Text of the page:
Think spring

By Tom Seymour | Feb 11, 2021
Photo by: Tom Seymour Crocuses are the heralds of spring.

February, a month known for frequent snowstorms and bitter-cold temperatures, has two faces. The first, sees only winter and the second, faces spring. For gardeners, signs of spring help the remaining days of winter pass faster.

The usual rummaging through seed catalogues has already taken place and orders sent in. What with many popular varieties running low over the last several years, it pays to get our ducks, or seeds, in a row ahead of time.

Now, we look forward to when we can, if not set our seeds outside, at least get them started inside. I consider seeing seed-starter trays all planted when I visit someone’s house a sign of spring.

Groundhog Day

The groundhog has, as he usually does, has predicted six more weeks of winter. For Mainers, that’s good news, since six weeks from Feb. 2 brings us to the end of the second week of March, a full week short of the arrival of astronomical spring. The way I see it, with the groundhog it’s a win-win deal.

While it’s hard to envision right now, blooming spring bulbs will soon grace the landscape. Some of the earliest, such as snowdrops, may bloom by month’s end, given the right circumstances. Crocus are not far behind. I have seen crocus poke their little pointed, green shoots out of frozen ground, melting ice and snow as they grow.

Did you plant new spring bulbs last year? If so, get ready for your colorful reward. The best thing about these is that they are perennial, not only coming back each year, but multiplying as well. Spring bulbs rank among gardening’s better investments.

Warm and cold

Often, by February’s end, maple sap has already begun to run. Freezing nights and above-freezing days cause the sap to rise in trees, making for a sap flow which we can tap into.

While Maine abounds in commercial sugarhouses, homeowners can make their own maple syrup from sugar maples and even red maples growing right in their yards. Most hardware stores sell everything needed for an efficient, productive, home-grown maple syruping operation.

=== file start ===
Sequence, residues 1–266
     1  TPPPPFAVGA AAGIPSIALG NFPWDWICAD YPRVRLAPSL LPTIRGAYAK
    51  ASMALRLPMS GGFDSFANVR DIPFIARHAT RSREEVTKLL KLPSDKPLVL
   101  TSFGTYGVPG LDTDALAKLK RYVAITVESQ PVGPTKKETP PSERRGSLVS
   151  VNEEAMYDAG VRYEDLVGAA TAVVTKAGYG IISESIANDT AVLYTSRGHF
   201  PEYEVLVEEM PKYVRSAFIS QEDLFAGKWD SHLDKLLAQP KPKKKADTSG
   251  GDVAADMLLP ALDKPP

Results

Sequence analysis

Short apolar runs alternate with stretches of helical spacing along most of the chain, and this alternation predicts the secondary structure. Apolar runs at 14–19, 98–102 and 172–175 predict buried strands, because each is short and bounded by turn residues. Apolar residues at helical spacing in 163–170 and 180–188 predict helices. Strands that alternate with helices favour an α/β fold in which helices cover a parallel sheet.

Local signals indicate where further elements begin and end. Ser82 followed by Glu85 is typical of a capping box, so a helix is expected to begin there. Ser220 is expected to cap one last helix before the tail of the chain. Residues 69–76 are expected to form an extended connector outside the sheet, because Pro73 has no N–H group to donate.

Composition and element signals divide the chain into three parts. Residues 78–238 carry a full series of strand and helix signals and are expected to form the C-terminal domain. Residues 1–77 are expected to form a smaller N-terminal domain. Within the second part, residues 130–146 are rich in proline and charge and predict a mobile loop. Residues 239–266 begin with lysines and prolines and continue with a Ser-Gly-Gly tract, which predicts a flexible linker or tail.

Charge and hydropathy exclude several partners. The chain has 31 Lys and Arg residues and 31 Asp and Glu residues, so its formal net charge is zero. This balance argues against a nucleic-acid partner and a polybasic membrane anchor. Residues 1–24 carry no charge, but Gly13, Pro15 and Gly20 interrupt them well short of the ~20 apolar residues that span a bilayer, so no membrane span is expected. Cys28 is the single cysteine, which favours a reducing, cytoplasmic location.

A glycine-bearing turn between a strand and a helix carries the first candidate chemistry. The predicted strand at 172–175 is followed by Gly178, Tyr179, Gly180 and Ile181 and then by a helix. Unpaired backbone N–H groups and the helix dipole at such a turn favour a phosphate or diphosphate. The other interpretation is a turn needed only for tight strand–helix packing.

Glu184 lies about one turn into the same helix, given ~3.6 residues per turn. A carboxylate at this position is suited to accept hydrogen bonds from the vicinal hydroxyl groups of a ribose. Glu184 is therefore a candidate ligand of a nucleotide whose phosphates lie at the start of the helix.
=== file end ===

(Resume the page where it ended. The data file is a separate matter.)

Seeing sap pails on trees and plastic tubing carrying sap to holding tanks makes for a sure sign of spring.

Birds, too

Soon, songbirds will shed their drab, winter plumage for their brilliant, breeding plumage. Those flocks of uninteresting-looking goldfinches will soon acquire their signature, bright-yellow hues.

Birdsong changes with the approach of spring. Black-capped chickadees will soon develop a pronounced, nasal rasp to their calls.

Robins, not those that have migrated to the southern states, but rather, robins that have spent the winter on Maine’s offshore islands, will soon make regular forays to the mainland.

Wild ducks will soon make their appearance, becoming more numerous around coastal and riverine locations.

Snow fleas

Warm, sunny days in February, those days when snowbanks begin to melt and make little rivulets in driveways, herald the appearance of snow fleas. Not fleas at all but fascinating little insects called “springtails,” insects that, like click beetles, can jump very high compared to their size.

On warm days, springtails collect around the base of trees, giving snow the appearance of having been swept with a fine coat of black ashes. But these “ashes” are really tiny insects. For fun, collect some and view them under a magnifier. They make for an interesting, close-up sight.

Sometimes melting snow pulls in thousands of springtails and collects them in temporary pools, making the water look as though someone had sprinkled pepper on the surface.

Butterflies, too

On particularly warm days in late February and early March, we might even get to glimpse the earliest butterflies, angel wings. These small, ruddy-colored butterflies have angular, notched forewings. Look for these on lawns and even on gravel drives. These one- to two-inch butterflies don’t fly very high but instead, confine themselves to skimming along the ground, in a dancing manner.

Mourning cloak butterflies, those black-winged beauties of early spring, like angel wing butterflies, hibernate over the winter and sometimes fly about in late winter and very early spring. For me, it’s a banner day when I spy either of these species.

Easter lilies

With Lent just around the corner, stores throughout Maine will receive their stocks of Easter lilies. Seeing these ultra-fragrant, bright-white lilies for sale in stores means spring is neigh.

Upon taking your Easter lily home, remember it is a perennial plant and it’s usefulness exceeds this one season. So water as needed, enjoy as long as it flowers, but don’t discard it after flowering. Instead, keep it in the house until warm weather arrives and plant it outside. It will come back each year, a fulfilled promise of spring.

So think spring. It’ll be here before we know it.

Tom Seymour of Frankfort is a homeowner, gardener, forager, naturalist, Registered Maine Guide, amateur astronomer, magazine and newspaper columnist and book author.

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